Mesoporous Silica and their Applications | Sigma-Aldrich

Synthesis of Diphenylalanine/Cobalt Oxide Hybrid Nanowires and Their Application to Energy Storage

Mesoporous Silica and their Applications

Given that few biomaterials possess all the necessary characteristics to perform ideally, researchers have pursued the development of hybrid or composite biomaterials to synergize the beneficial properties of multiple materials into a superior matrix. In the context of regenerative dentistry, one strategy to promote the formation of healthy tissue involves the combination of natural and synthetic polymers with various other materials to enhance cellular interaction, encourage integration into host dental tissue, and provide tunable material properties and degradation kinetics []. For instance, the addition of inorganic materials (e.g., bioceramic glasses) to a polymer scaffold has several advantages, including combining the osteoconductivity and bone-bonding potential of the inorganic phase with the porosity and interconnectivity of the 3D construct.

Jim Yang Lee Group - National University of Singapore

Porogen leaching, also known as solution casting/particulate leaching, has been a widely used and simple technique for the creation of porous scaffolds in tissue engineering. This method usually involves mixing water-soluble salt particles into a biodegradable polymer solution. The mixture is then cast into a mold of the desired shape. After the solvent is removed by evaporation or lyophilization, the salt particles are leached out to obtain a porous structure. This method has the advantages of simple operation and adequate control over pore size and porosity by the salt/polymer ratio and particle size of the added salt. Various porogens, including sodium chloride, sugar crystals, gelatin, and polymers, have been successfully used to fabricate porous structures []. However, the wide variations of pore sizes, lack of interconnectivity, and irregular pore geometry have limited the use of this type of porogen in current tissue engineering applications. Further, the difficulty of removing soluble particles from the interior of a polymer matrix makes it difficult to fabricate very thick 3D scaffolds. Recently, different strategies have been used to address some of these issues. A new generation of porogen has been developed using the principles behind nucleation and crystallization science []. Also, paraffin spheres have been used as pore-generating materials to create biodegradable polymer scaffolds with spherical pore shape and well-controlled interpore connectivity. These recent technologies provide a simple, convenient, more precise, and cost-effective method over traditional techniques of generating porous macrostructures.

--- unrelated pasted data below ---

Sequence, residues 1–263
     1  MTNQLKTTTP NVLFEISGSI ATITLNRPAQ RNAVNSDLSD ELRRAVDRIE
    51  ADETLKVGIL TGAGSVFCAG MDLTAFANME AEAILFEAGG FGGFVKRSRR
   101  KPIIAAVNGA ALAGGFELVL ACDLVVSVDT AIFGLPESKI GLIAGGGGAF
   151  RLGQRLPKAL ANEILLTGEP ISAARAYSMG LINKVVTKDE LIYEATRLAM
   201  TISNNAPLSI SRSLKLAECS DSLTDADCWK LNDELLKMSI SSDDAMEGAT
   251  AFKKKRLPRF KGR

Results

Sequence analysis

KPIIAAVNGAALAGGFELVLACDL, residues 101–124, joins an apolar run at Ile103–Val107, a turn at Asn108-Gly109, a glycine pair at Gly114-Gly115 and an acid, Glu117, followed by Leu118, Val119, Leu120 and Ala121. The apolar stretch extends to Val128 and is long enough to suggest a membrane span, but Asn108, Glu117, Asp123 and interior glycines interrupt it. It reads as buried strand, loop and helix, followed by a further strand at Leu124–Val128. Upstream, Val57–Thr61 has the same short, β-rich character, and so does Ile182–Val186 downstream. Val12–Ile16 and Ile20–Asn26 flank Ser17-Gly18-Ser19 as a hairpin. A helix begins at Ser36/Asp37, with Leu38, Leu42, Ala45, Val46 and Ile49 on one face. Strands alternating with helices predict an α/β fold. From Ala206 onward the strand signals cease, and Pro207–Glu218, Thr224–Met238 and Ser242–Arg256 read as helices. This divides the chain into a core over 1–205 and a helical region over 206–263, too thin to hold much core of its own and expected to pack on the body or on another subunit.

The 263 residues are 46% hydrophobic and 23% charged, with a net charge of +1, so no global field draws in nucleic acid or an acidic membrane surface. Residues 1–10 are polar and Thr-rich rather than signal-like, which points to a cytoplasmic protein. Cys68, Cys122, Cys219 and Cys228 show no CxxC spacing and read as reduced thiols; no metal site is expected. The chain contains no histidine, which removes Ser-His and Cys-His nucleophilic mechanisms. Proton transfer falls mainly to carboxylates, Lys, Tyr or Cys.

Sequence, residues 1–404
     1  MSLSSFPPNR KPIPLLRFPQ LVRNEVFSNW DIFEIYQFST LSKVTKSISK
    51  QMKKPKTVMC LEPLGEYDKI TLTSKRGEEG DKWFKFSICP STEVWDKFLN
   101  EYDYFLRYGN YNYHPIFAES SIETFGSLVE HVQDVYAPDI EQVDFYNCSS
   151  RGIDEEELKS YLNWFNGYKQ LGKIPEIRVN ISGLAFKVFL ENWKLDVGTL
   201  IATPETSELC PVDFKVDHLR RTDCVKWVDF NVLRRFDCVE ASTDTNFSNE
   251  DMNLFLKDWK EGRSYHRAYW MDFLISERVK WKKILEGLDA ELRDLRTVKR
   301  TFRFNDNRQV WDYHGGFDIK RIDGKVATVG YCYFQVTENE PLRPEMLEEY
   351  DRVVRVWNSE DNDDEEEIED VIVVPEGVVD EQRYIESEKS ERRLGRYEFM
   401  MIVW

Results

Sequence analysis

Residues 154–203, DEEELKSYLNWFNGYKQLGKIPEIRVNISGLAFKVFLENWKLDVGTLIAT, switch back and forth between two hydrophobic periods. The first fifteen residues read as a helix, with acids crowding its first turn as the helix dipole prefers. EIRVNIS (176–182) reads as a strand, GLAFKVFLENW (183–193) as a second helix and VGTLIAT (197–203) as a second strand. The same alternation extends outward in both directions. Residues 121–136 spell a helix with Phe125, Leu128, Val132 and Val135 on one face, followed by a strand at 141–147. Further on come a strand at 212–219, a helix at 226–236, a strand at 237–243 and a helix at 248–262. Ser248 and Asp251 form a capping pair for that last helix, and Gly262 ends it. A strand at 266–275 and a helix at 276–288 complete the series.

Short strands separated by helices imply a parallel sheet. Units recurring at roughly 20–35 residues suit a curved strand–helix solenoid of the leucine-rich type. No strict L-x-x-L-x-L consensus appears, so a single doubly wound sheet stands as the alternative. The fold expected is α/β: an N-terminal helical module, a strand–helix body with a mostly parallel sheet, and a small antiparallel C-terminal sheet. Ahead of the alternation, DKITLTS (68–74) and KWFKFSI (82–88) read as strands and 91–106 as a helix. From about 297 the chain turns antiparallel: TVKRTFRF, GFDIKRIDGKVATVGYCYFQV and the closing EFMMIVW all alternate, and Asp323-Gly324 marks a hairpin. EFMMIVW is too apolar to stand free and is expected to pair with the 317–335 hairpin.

Although the ideal 3D matrix materials for dental bone tissue engineering have yet to be developed, much progress has been made during the last few years. The requirements of scaffolds for dental bone tissue engineering are complex. A variety of characteristic parameters, such as the degradation rate, mechanical strength, porosity, pore size, pore microstructures, surface chemistry, hybridization with inorganic materials, and topography, should be carefully considered and controlled for the design and fabrication of scaffolds to meet the needs of this particular tissue engineering application. The development and fabrication techniques of novel biodegradable biomaterials and scaffolds with well-defined macrostructures reviewed will constitute a centerpiece of the research efforts in the field of regenerative medicine in dentistry. Using polymer scaffolding to controllably manipulate cell function and the spatiotemporal release of biologic therapeutics will likely enable development of new therapies and technologies for dental bone tissue repair and regeneration as well as other oral health applications.